May 18, 2010

Virginia Guard Counter-Drug program holds annual training certification

Staff Reports

FORT PICKETT, Va. — The Virginia National Guard Counter-Drug program held its annual certification training April 19-22 at the Twin Lakes Recreation Area at Fort Pickett. Although the annual requirement is typically held in a conference or classroom setting, this year CD took to the woods in order to make the training more meaningful and memorable. It also served to foster camaraderie amongst the Soldiers and Airmen, who are spread throughout the state at military, educational, and law enforcement locations.

“The overall event was a breath of fresh air,” said Staff Sgt. James Long, Joint Substance Abuse Prevention Program assistant coordinator.  “It was nice to do a conference in a setting other than a conference room”

For Soldiers and Airman who work in a program that often finds them assigned to work as the sole military member at remote civilian law enforcement agencies or school systems, the venue was a good opportunity to build and strengthen connections.

“Overall, it was nice to see old friends and make new ones,” said 1st Sgt. Eddie Bonilla, CD aviation section crew chief.

The required training included pre-accident plan safety training and rehearsals, intelligence oversight training, privately owned vehicle safety training, Counter-Drug doctrinal training, as well as the annual urinalysis testing of all members of the Counter-Drug program.

The Virginia National Guard Counter-Drug program places Guardsmen in the community, conducting Drug Demand Reduction classes for schools and civic organizations, supporting law enforcement agencies with criminal analysts and technical support, providing prevention, treatment, and outreach services to Guardsmen and their families, managing the Joint Substance Abuse Program (internal drug testing), and providing aviation support to law enforcement agencies.

Each of these functional areas also provided professional development training allowing members from each functional area to cross-train in various aspects of the other functional areas. 

"The overview of each section's mission set allowed all CD members a better understanding of the challenges of each section," observed Chief Warrant Officer 3 John Marsh.

The Criminal Analysts section arranged for a Gang Intelligence and Awareness class put on by two investigators from the Henrico County Police Department Gang Unit. In addition, the Drug Demand Reduction section provided “Hooked on Fishing, Not on Drugs” certification training.  This program can be an individual mentoring or group education program that uses fishing to get children’s attention and then focuses them on the risks associated with drug use, coping strategies, and provides them an example of alternative outlets such as fishing. 

The Prevention, Treatment, and Outreach coordinator, Sgt. Danny Joyner, presented modules 1 and 2 of the Team Readiness training program that helps individuals and leaders identify negative stressors and behaviors while providing tools to manage those stressors to the assembled group.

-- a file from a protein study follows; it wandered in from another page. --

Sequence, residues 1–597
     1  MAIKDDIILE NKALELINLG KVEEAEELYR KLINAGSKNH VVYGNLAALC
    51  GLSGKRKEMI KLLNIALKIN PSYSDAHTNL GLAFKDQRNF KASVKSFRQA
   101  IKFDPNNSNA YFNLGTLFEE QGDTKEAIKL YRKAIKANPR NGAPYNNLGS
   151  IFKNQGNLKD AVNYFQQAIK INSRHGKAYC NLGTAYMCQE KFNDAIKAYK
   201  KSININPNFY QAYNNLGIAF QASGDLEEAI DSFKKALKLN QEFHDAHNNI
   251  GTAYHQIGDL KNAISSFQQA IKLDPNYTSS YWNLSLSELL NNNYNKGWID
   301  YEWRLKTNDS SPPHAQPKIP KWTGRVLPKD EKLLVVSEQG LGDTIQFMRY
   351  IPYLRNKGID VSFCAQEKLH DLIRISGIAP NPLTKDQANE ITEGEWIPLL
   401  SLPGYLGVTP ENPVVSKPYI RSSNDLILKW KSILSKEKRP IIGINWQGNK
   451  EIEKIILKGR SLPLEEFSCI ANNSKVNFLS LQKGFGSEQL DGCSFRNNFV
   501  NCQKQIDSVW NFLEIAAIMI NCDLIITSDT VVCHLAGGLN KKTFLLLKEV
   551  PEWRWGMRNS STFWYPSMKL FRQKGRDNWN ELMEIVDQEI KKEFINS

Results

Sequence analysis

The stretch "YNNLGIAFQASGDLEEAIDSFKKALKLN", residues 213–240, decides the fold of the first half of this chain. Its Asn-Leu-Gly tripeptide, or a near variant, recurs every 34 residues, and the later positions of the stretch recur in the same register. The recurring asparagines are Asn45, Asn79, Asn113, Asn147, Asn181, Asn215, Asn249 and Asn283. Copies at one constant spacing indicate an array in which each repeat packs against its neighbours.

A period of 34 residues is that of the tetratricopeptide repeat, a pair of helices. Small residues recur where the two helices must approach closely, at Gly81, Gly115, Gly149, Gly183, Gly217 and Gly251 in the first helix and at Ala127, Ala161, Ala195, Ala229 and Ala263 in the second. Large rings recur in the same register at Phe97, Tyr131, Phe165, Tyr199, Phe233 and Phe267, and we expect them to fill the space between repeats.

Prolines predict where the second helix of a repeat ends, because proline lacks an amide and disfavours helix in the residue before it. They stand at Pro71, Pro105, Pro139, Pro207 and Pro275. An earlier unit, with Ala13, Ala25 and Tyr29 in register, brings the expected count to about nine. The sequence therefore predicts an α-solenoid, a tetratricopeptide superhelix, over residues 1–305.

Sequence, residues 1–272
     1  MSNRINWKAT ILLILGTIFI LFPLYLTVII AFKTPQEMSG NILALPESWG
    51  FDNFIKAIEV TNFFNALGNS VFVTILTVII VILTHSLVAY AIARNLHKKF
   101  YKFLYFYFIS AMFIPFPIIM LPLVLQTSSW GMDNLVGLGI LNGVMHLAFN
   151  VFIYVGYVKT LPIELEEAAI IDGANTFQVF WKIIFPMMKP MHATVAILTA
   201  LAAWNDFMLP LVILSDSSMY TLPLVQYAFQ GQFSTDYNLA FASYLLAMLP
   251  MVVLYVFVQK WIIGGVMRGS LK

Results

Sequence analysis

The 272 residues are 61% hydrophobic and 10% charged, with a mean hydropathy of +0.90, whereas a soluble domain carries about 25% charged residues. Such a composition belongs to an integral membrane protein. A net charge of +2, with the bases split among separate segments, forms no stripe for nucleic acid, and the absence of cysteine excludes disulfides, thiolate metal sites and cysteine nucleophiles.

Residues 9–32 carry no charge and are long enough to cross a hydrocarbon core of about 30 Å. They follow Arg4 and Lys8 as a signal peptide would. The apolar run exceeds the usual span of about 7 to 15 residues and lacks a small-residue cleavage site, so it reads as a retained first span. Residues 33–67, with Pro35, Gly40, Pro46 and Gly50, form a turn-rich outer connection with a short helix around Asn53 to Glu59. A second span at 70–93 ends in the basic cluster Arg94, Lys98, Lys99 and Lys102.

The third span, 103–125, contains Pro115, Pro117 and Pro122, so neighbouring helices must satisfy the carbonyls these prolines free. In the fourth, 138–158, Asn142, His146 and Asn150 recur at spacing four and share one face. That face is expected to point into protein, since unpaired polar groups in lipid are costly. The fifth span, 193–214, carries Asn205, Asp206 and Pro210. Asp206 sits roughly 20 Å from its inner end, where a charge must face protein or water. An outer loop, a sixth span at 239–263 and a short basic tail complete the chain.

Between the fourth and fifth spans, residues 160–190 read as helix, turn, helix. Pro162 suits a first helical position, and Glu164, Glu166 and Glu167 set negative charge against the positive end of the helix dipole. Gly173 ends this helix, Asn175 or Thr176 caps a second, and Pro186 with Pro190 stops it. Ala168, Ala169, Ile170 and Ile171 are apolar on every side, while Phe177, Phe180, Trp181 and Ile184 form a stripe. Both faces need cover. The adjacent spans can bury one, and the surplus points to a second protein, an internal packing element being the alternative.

“We have an obligation to keep ourselves and our Airmen at peak readiness and this training helps us meet that obligation,” said Tech Sgt. Cynthia Waller, CD administrative NCO.

The CD program also took advantage of the opportunity to improve the program’s utilization of technology to increase efficiency. All members were provided with Defense Travel System training by the United States Property and Fiscal Office at the Fort Pickett Distance Learning Center so the command could transition to a digital travel authorization and voucher system.  All Soldiers were also provided with training on the evolving Full Time Support Management Control System, which is used to track CD resourcing, missions, and results at the state and national levels.

The highlight of technical training was provided by the Aviation and Criminal Analysts sections.  CD helicopters are kitted out with optics and infrared capabilities that can be down-linked to portable ground displays for law enforcement use for surveillance or tactical operations. This year CD members cross-trained on the downlink equipment while the aviation section flew practice sorties operating the airborne sensors. 

The majority of the personnel and equipment for the CD aviation section comes out of Detachment A of the 2nd of the 151st S&S Aviation Battalion, which was on annual training during the time period and graciously supported the CD training while meeting its own training goals.

Overall, Sgt. 1st Class Brian Wright, CD operations NCO and event NCOIC, was happy with the result.

“It was a good event, not just a check in the box,” he said. “We can build on this to make our skills cutting edge.” 

Sgt. 1st Class Daniel Dolan mirrored the opinion of most personnel when he said, “I thought the training environment was great. It was nice to get away from the phone, the office, and typical workplace environments.” 

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